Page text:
Background: Attempts to explain the increased risk for metabolic disorders observed in South Asians have focused on the "South Asian" phenotype at birth and subsequent post-natal growth, with little research on pre-natal growth.
Aim: To identify whether divergent growth patterns exist for foetal weight, head (HC) and abdominal circumferences (AC) in a sample of Pakistani and White British foetuses.
Subjects and methods: Models were based on 5553 (weight), 5154 (HC) and 5099 (AC) foetuses from the Born in Bradford birth cohort. Fractional polynomials and mixed effects models were employed to determine growth patterns from ~15 weeks of gestation-birth.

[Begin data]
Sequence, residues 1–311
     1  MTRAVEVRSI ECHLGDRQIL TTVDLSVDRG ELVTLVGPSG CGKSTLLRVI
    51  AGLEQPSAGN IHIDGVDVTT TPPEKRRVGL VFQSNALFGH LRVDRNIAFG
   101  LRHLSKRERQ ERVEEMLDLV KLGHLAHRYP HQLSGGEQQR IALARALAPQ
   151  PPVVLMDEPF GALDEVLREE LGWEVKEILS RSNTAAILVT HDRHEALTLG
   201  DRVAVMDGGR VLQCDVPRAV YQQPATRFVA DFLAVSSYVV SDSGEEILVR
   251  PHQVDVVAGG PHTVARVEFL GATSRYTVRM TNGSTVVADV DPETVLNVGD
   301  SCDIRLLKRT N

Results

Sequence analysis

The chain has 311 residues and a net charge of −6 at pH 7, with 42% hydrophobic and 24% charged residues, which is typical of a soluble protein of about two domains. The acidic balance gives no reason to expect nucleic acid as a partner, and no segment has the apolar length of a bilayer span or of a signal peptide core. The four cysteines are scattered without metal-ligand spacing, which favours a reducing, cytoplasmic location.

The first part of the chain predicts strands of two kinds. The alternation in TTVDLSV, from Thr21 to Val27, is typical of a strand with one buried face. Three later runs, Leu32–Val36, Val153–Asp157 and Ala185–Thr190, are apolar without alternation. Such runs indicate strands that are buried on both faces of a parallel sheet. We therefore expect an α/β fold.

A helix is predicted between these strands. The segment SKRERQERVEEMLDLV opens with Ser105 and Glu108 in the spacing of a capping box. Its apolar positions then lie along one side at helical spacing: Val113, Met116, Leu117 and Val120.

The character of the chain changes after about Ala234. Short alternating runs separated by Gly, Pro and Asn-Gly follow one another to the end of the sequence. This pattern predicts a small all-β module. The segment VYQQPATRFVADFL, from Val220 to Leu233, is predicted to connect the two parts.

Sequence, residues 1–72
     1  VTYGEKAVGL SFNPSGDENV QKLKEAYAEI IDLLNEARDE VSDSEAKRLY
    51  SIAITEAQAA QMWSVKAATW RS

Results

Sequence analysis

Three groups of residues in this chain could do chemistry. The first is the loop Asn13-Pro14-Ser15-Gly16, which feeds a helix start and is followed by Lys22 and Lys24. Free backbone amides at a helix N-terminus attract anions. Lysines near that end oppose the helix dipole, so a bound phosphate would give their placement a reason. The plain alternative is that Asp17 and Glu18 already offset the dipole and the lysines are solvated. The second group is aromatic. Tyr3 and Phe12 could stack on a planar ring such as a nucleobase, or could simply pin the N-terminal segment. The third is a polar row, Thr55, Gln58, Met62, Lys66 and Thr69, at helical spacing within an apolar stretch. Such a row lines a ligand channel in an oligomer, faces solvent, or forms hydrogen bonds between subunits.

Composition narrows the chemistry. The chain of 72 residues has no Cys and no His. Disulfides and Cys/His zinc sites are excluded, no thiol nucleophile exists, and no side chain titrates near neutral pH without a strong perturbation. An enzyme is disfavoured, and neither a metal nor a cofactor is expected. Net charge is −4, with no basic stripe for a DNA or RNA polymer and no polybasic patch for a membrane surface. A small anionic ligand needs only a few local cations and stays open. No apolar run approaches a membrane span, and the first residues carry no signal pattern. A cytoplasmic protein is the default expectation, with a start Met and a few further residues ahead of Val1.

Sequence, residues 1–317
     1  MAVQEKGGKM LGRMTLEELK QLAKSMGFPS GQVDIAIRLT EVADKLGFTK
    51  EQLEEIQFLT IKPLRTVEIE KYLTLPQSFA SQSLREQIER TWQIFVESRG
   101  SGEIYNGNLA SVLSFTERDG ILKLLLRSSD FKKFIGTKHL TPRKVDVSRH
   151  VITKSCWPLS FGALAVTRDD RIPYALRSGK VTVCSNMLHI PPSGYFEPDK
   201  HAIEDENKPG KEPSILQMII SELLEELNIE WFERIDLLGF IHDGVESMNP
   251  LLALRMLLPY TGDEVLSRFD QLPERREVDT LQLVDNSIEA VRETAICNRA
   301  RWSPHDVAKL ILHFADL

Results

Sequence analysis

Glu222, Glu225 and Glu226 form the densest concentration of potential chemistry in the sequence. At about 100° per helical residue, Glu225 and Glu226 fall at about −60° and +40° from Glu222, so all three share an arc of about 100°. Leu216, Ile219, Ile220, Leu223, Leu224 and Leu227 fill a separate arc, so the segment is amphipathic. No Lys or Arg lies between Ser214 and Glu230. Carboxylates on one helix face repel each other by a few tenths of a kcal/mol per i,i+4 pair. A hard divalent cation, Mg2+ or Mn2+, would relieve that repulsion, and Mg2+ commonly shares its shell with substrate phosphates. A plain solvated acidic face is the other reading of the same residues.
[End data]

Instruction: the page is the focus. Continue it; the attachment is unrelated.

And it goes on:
Results: Pakistani foetuses were significantly smaller and lighter as early as 20 weeks. However, there was no ethnic difference in the growth patterns of weight and HC. For AC, Pakistani foetuses displayed a trend for reduced growth in the final trimester.
Conclusion: As the pattern of weight and HC growth was not significantly different during the period under investigation, the mechanism culminating in the reduced Pakistani size at birth may act earlier in gestation. Reduced AC growth in Pakistanis may represent reduced growth of the visceral organs, with consequences for post-natal liver metabolism and renal function.
Keywords: Born in Bradford; ethnicity; foetal; growth; mixed-effects.